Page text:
Tongan passport row stirs unrest


By David Robie

AUCKLAND — Tonga's hasty legal juggling act to grant citizenship to more than 400 foreigners has done little to quell unrest in the South Pacific kingdom over the passport scandal.

Although commoner parliamentarian and pro-democracy campaigner 'Akilisi Pohiva agreed earlier this month to his court case being dismissed, he has won a remarkable moral victory by forcing the government to admit the illegality of the passports and change the constitution.

Weeping and praying, more than 2500 protesters — led by Roman Catholic Bishop Patelesio Finau, clergy, Pohiva and other commoner MPs — marched to the royal palace in an unprecedented demonstration a week after legal proceedings ended. They presented two petitions to King Taufa'ahau Tupou IV through his private secretary.

The king was urged to cancel citizenship for the 426 foreigners and sack the police minister, 'Akau'ola, who has accepted responsibility for the illegal sales of naturalisation certificates and passports.

However, the king has now been reported by the government-run newspaper, Tonga Chronicle, to have said the kingdom could not afford to cancel the passports. He said changing foreign exchange rates, plus possible lawsuits by passport holders, meant that paying out refunds and declaring the documents null and void would be too heavy a burden for the country.

A British protectorate between 1900 and 1970, Tonga has a jaded constitution written in 1875. Under this constitution, a 30-seat parliament has 10 cabinet members plus two governors appointed by the king, nine members chosen by the 33 nobles, and nine people's representatives elected by 100,000 commoners.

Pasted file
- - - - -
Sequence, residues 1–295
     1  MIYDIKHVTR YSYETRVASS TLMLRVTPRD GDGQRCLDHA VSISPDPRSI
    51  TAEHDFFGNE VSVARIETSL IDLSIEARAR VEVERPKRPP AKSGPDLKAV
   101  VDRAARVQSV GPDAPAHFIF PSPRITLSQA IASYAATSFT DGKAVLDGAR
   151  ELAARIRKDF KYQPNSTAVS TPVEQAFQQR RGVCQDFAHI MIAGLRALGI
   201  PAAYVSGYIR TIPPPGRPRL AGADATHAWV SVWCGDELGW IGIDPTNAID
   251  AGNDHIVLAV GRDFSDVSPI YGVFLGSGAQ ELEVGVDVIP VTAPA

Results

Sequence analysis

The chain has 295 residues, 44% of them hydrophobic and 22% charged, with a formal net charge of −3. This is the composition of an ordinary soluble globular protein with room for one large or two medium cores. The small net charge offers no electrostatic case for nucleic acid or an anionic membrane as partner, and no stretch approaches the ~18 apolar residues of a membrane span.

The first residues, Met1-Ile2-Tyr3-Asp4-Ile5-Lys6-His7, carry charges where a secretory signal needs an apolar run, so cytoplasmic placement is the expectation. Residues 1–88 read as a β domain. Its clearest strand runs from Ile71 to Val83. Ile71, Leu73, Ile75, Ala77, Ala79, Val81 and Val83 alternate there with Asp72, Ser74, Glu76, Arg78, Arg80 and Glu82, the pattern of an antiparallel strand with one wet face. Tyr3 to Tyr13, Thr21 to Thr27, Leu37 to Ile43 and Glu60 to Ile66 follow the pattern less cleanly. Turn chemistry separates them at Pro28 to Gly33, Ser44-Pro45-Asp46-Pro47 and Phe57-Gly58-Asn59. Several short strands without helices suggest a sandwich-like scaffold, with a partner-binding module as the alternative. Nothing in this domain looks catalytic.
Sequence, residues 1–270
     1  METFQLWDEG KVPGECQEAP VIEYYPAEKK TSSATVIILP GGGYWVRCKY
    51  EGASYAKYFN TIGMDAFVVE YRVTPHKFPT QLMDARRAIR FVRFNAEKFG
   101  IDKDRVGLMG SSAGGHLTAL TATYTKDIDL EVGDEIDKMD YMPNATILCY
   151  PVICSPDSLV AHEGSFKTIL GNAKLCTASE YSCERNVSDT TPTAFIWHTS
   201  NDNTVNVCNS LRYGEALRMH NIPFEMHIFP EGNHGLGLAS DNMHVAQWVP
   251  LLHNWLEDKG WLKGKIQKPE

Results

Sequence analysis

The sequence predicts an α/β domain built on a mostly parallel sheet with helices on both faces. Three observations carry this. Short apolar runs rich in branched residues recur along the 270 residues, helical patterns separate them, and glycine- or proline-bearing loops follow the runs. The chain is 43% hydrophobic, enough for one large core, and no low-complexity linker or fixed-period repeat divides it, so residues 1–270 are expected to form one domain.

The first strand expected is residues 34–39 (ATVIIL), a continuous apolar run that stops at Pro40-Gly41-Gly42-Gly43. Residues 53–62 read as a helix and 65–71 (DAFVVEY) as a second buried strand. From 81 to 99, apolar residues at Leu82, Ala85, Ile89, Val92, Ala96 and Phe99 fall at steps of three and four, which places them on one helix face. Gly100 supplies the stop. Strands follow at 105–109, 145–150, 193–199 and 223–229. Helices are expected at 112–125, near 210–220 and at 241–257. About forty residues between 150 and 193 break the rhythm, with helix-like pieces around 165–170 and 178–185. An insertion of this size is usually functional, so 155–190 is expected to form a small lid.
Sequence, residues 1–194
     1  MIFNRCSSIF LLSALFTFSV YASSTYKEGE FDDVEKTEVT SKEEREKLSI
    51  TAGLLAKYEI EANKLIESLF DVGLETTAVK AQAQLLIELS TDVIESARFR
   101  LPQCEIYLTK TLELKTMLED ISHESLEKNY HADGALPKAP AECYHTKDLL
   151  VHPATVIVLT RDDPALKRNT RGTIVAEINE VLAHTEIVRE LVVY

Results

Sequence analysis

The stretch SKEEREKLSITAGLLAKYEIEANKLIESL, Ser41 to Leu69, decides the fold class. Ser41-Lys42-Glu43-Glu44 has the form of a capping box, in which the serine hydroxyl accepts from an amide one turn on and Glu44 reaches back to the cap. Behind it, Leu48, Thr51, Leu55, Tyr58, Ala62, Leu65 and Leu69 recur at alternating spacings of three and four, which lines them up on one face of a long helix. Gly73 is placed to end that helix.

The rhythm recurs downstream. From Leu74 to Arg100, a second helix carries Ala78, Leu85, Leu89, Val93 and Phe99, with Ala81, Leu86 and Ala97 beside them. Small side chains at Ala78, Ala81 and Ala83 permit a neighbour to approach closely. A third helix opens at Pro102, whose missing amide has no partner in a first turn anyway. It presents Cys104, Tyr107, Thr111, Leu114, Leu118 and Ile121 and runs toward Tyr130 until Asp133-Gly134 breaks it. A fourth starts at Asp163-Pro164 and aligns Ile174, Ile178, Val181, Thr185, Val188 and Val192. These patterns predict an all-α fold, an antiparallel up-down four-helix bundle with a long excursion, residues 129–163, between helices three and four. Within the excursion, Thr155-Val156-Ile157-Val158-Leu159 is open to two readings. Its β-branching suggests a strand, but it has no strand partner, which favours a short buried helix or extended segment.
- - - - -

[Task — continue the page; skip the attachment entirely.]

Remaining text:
Imelda Marcos is the best-known foreigner to get a Tongan passport. The former Hong Kong Stock Exchange chief, Ronald Li, who is serving a four-year jail term for bribery, and textile billionaire Chen Din-hwa are also reportedly among the now legal passport holders.

Tonga has been operating the illegal passports scheme since 1983. Two kinds of Tongan passport have been for sale to foreigners: the Tonga Protected Persons Passport and the Tongan National Passport (issued to those who became naturalised).

The "protected person" passport was created in 1983 as a travel document for non-Tongans who had difficulties travelling beyond their own national boundaries. They sold for US$10,000 each.

However, because this document did not give automatic right of residence in Tonga, a growing number of countries — including Australia and New Zealand — did not recognise it. In 1984 the king was given power to grant naturalisation to any foreigner of "good character on humanitarian grounds". The naturalisation fee was US$20,000, but additional fees could take the price tag up to more than $35,000.

Commoner MPs and their lawyers exposed the scheme and challenged it as unconstitutional.

In 1988, 'Akau'ola admitted that the 1984 legislation was unconstitutional. The 1984 act was then repealed by the 1988 Nationality Act.

It is uncertain how many foreigners have been naturalised or how much money has been made from the scam, since these figures have not been revealed in parliament — but it is believed that considerably more than the 426 people named in the Government Gazette may have acquired passports.

Late in 1989, Pohiva filed a lawsuit against the kingdom and the police minister, claiming the passports should be declared invalid because the sales were unconstitutional and illegal.

After lengthy legal proceedings, the case was finally about to go before the Supreme Court. However, four days earlier the government suddenly called an emergency session of parliament in an attempt to legalise its passport practices over the previous six years.

Parliament was bitterly divided between the cabinet and the nobles, who supported the passport legislation, and seven of the commoner MPs, who argued it would be damaging for Tonga to amend the constitution to legalise a mistake.

Pohiva and two other commoner MPs walked out of parliament, and the legislative and constitutional changes were made by a 15-4 vote.

When Pohiva agreed on March 1 to the dismissal of his court case and was awarded NZ$23,500 in costs, he declared he had been vindicated by the government's actions.

"But the case does not end", he said. "It marks a new page in our history."

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